A collaboration led by the Royal Ontario Museum (ROM) and McMaster University has led to the discovery and diagnosis of an aggressive malignant bone cancer — an osteosarcoma — for the first time ever in a dinosaur. No malignant cancers (tumours that can spread throughout the body and have severe health implications) have ever been documented in dinosaurs previously. The paper was published August 3rd in the medical journal The Lancet Oncology.
The cancerous bone in question is the fibula (lower leg bone) from Centrosaurus apertus, a horned dinosaur that lived 76 to 77 million years ago. Originally discovered in Dinosaur Provincial Park in Alberta in 1989, the badly malformed end of the fossil was originally thought to represent a healing fracture. Noting the unusual properties of the bone on a trip to the Royal Tyrrell Museum in 2017, Dr. David Evans, James and Louise Temerty Endowed Chair of Vertebrate Palaeontology from the ROM, and Drs. Mark Crowther, Professor of Pathology and Molecular Medicine, and Snezana Popovic, an osteopathologist, both at McMaster University, decided to investigate it further using modern medical techniques. They assembled a team of multidisciplinary specialists and medical professionals from fields including pathology, radiology, orthopaedic surgery, and palaeopathology. The team re-evaluated the bone and approached the diagnosis similarly to how it would be approached for the diagnosis of an unknown tumour in a human patient.
“Diagnosis of aggressive cancer like this in dinosaurs has been elusive and requires medical expertise and multiple levels of analysis to properly identify,” says Crowther, who is also a Royal Patrons Circle donor and volunteer at the ROM. “Here, we show the unmistakable signature of advanced bone cancer in 76-million-year-old horned dinosaur — the first of its kind. It’s very exciting.”
After carefully examining, documenting, and casting the bone, the team performed high-resolution computed tomography (CT) scans. They then thin-sectioned the fossil bone and examined it under a microscope to assess it at the bone-cellular level. Powerful three-dimensional CT reconstruction tools were used to visualize the progression of the cancer through the bone. Using this rigorous process, the investigators reached a diagnosis of osteosarcoma.
To confirm this diagnosis, they then compared the fossil to a normal fibula from a dinosaur of the same species, as well as to a human fibula with a confirmed case of osteosarcoma. The fossil specimen is from an adult dinosaur with an advanced stage of cancer that may have invaded other body systems. Yet it was found in a massive bonebed, suggesting it died as part of a large herd of Centrosaurus struck down by a flood.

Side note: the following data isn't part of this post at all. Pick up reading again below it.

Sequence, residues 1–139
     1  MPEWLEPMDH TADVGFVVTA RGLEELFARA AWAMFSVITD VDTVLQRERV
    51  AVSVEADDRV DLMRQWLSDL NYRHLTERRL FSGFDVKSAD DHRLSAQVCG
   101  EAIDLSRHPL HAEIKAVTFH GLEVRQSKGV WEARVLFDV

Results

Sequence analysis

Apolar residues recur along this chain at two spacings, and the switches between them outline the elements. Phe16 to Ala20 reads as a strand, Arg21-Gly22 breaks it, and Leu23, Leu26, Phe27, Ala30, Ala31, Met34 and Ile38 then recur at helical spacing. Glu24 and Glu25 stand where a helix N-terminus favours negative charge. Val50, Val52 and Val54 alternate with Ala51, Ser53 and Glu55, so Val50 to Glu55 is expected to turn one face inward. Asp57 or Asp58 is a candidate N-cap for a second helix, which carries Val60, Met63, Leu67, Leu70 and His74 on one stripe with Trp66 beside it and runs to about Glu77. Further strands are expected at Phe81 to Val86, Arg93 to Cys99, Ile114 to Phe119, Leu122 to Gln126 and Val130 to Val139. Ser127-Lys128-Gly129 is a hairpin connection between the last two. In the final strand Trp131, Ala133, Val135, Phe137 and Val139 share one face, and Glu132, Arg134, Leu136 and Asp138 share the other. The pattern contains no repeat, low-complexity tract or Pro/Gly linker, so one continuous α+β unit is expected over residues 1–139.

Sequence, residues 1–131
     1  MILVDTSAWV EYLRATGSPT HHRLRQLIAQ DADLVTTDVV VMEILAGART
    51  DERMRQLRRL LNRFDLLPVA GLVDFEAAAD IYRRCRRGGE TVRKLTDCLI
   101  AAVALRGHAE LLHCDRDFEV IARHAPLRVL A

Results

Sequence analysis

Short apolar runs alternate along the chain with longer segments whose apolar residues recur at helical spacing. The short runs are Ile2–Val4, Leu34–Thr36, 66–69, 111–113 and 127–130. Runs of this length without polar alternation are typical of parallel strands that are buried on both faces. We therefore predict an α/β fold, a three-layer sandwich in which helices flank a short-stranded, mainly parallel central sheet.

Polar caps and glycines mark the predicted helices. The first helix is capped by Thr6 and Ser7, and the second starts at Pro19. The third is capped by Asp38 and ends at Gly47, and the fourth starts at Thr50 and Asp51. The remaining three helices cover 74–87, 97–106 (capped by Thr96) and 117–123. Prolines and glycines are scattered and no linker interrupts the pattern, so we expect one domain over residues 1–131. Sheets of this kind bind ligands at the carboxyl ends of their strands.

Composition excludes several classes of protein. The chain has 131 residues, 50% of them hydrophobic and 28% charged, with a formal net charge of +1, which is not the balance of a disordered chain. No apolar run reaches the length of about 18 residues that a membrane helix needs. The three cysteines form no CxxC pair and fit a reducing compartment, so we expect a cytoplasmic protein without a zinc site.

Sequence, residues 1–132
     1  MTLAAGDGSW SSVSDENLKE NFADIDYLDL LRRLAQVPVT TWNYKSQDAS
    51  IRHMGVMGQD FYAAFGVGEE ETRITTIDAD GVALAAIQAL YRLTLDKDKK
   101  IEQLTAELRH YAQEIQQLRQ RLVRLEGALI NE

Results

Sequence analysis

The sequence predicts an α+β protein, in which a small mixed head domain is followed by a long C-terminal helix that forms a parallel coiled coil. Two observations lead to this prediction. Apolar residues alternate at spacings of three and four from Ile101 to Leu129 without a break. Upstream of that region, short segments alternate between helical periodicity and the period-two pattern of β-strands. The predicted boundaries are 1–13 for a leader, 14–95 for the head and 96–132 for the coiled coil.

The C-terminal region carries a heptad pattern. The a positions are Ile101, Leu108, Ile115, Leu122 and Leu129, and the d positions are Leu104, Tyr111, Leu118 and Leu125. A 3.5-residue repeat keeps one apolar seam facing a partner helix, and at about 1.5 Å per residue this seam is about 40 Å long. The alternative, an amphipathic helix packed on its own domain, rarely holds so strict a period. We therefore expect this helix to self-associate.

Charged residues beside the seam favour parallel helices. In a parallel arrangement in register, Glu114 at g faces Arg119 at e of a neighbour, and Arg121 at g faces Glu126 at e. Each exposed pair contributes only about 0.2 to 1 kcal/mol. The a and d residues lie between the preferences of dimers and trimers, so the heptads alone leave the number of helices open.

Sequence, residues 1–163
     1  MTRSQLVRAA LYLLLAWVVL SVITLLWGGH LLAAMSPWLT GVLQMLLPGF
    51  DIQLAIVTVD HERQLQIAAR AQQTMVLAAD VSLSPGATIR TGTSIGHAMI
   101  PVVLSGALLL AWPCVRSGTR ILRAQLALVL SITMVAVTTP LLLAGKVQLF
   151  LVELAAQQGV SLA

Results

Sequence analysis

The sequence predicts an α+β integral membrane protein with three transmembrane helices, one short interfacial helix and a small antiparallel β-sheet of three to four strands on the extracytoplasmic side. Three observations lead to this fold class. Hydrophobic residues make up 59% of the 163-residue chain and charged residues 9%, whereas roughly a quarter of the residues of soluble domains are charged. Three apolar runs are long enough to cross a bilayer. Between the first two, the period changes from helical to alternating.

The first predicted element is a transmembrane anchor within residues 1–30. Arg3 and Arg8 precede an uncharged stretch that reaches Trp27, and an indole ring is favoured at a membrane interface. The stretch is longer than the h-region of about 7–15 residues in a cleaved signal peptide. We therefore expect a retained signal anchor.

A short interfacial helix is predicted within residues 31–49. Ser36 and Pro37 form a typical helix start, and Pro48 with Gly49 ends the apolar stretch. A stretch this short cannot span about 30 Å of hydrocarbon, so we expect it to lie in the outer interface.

“The shin bone shows aggressive cancer at an advanced stage. The cancer would have had crippling effects on the individual and made it very vulnerable to the formidable tyrannosaur predators of the time,” says Evans, an expert on these horned dinosaurs. “The fact that this plant-eating dinosaur lived in a large, protective herd may have allowed it to survive longer than it normally would have with such a devastating disease.”
Osteosarcoma is a bone cancer that usually occurs in the second or third decade of life. It is an overgrowth of disorganized bone that spreads rapidly both through the bone in which it originates and to other organs, including most commonly, the lung. It is the same type of cancer that afflicted Canadian athlete Terry Fox and led to the partial amputation of his right leg prior to Fox’s heroic Marathon of Hope in 1980.
“It is both fascinating and inspiring to see a similar multidisciplinary effort that we use in diagnosing and treating osteosarcoma in our patients leading to the first diagnosis of osteosarcoma in a dinosaur,” says Seper Ekhtiari, an Orthopaedic Surgery Resident at McMaster University. “This discovery reminds us of the common biological links throughout the animal kingdom and reinforces the theory that osteosarcoma tends to affect bones when and where they are growing most rapidly.”
This study aims to establish a new standard for the diagnosis of unclear diseases in dinosaur fossils and opens the door to more precise and more certain diagnoses. Establishing links between human disease and the diseases of the past will help scientists to gain a better understanding of the evolution and genetics of various diseases. Evidence of many other diseases that we share with dinosaurs and other extinct animals may yet be sitting in museum collections in need of re-examination using modern analytical techniques.
Funding for David Evans was provided by an NSERC Discovery Grant, and research computers for 3D visualization were generously supported by The Dorothy Strelsin Foundation.